sporting clays

The game of Sporting Clays was established as a clay target discipline to simulate the type of shooting one could normally expect in the field while hunting. The size of the targets, their speed and angles of flight are all variable, making sporting clays the most challenging clay target sport you can ever participate in. sporting clays logo
Unlike conventional clay target shooting where targets all follow regular and standard trajectories from club to club, no two sporting clays grounds are the same and no two sporting clays grounds have the same layout or targets. However, ever shooter on a given sporting range on a given day receives exactly the same targets as his or her fellow competitors.
In Sporting Clays, aspects of the natural terrain at the ground are fully utilised so that competitors are shooting amongst trees, rocks, uphill, downhill and overhead.

Many different types of targets are employed in Sporting Clays, including;

Standard clays, "midis" and "minis" which are both smaller, the larger but very thin "battue" targets that turn on their side at the end of their trajectory, the hard-rimmed "rabbit" targets that roll along the ground, and the smallest of all, the "super-mini" is a high speed midget.

procedure

Targets are thrown in single or double formation, and in combinations of different sizes and at infinitely variable speeds, from angles at all points of the compass around the competitor. A single round of Sporting Clays consists of 25 targets.

2009 overall winner, Damien BirganIn Sporting Clays, the challenge to the competitor is a multi-disciplinary one as he or she must maintain a mental approach that encourages concentration and accuracy. The emphasis on eye-hand coordination required is greater than in any other of the shooting disciplines, therefore a high degree of mental alertness must be maintained in addition to general fitness.

Sporting Clays Australia

Compak

A condensed version of Sporting Clays known as Compak, offers exciting possibilities for future international competition. Consisting of four shooting stations, 25 targets of varying angles and speed are lunched around each shooter. This allows for a high proportion of contrasting Sporting Clay targets to be shot in a small area where a seated audience can watch without the need to move from station to station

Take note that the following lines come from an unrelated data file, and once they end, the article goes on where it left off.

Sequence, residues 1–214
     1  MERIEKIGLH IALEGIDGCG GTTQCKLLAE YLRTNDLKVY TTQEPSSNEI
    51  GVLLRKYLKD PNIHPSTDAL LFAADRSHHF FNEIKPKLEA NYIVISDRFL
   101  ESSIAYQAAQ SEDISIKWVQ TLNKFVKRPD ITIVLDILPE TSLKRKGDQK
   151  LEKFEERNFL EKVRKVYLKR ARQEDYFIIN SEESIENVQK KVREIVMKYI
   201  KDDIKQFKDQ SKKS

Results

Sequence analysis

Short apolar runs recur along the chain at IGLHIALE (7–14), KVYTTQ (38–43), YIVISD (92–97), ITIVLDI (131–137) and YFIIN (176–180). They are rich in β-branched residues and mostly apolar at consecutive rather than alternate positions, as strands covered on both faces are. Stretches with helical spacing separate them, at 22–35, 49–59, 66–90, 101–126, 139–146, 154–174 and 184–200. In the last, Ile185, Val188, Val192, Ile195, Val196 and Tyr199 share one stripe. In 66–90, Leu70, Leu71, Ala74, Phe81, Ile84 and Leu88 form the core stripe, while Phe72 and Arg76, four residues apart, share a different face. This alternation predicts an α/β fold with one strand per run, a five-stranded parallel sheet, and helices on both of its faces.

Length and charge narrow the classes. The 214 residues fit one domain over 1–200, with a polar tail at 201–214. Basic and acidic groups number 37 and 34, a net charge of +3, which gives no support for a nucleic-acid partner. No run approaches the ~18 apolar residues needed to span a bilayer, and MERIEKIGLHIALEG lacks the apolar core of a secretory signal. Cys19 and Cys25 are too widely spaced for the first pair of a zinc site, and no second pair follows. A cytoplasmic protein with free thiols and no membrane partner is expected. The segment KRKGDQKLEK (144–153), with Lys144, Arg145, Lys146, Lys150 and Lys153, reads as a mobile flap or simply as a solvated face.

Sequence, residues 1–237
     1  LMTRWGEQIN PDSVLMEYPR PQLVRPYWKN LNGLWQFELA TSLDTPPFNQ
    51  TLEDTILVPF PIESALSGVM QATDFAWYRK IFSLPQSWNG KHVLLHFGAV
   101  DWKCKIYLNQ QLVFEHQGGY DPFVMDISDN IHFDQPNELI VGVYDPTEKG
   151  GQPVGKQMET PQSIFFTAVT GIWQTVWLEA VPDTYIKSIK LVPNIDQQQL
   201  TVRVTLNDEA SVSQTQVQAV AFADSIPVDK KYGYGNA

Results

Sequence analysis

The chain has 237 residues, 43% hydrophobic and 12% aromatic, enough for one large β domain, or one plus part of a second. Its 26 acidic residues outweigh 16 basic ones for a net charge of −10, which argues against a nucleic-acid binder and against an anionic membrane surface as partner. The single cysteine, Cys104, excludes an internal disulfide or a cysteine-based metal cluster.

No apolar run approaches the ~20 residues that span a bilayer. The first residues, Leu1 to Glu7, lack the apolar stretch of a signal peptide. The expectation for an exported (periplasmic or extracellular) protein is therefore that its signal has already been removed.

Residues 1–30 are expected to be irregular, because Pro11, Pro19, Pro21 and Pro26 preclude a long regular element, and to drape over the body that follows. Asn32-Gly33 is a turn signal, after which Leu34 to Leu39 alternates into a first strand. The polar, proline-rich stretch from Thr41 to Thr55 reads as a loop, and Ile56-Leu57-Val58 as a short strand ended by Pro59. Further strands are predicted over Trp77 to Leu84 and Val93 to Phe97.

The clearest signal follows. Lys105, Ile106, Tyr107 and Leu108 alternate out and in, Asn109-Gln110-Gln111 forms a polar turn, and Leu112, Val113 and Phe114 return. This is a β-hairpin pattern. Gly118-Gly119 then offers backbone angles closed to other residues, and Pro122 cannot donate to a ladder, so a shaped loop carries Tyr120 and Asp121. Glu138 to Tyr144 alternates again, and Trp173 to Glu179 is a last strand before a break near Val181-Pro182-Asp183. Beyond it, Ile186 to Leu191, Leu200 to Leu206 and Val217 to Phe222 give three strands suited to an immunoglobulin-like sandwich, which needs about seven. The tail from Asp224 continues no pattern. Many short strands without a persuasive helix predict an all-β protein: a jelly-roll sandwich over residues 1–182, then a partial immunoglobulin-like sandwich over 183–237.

Rules for shooting Sporting Clays

English Sporting

In its early form, English Sporting usually presented the shooter with two different targets. The targets used were normally quartering targets, crosser, driven, overhead, rabbits, springing teal amongst others the course creator might feel is challenging. Today, it‘s the most popular form of clay target shooting, English Sporting provides a shooting environment that offers different layouts and presents a constant challenge.

history

In its early form, English Sporting usually presented the shooter with two different targets. The targets used were normally quartering targets, crosser, driven, overhead, rabbits, springing teal amongst others the course creator might feel is challenging. Today, As the most popular form of clay shooting, English Sporting provides a shooting environment that offers different layouts and a constant challenge.

F.I.T.A.S.C

This International Sport discipline is named after the Federation that runs it. FITASC is an Acronym for a French term that means the International Federation for Sporting Shooting. Competitions consist of 100+ targets shot over at least 4 sections, International competitions are as large as 200 targets over 8 sections shot through a time period of two to four days. The layout uses all the more familiar speeds and angles of the uncomplicated English version.
Each layout is approached by a group of 6. From an open firing point (one meter circle, 6 circles in total), they shoot a selection of targets fired from differing traps. Singles are fired first, followed by doubles, until all shooters have fired from all of the positions. There is no set layout but it is down to the referee's decision, as all targets must be fired in safe directions. A shooter must have the gun out of the shoulder from the moment the target is called for and up until the target becomes visible.

Rules for FITAS sporting clays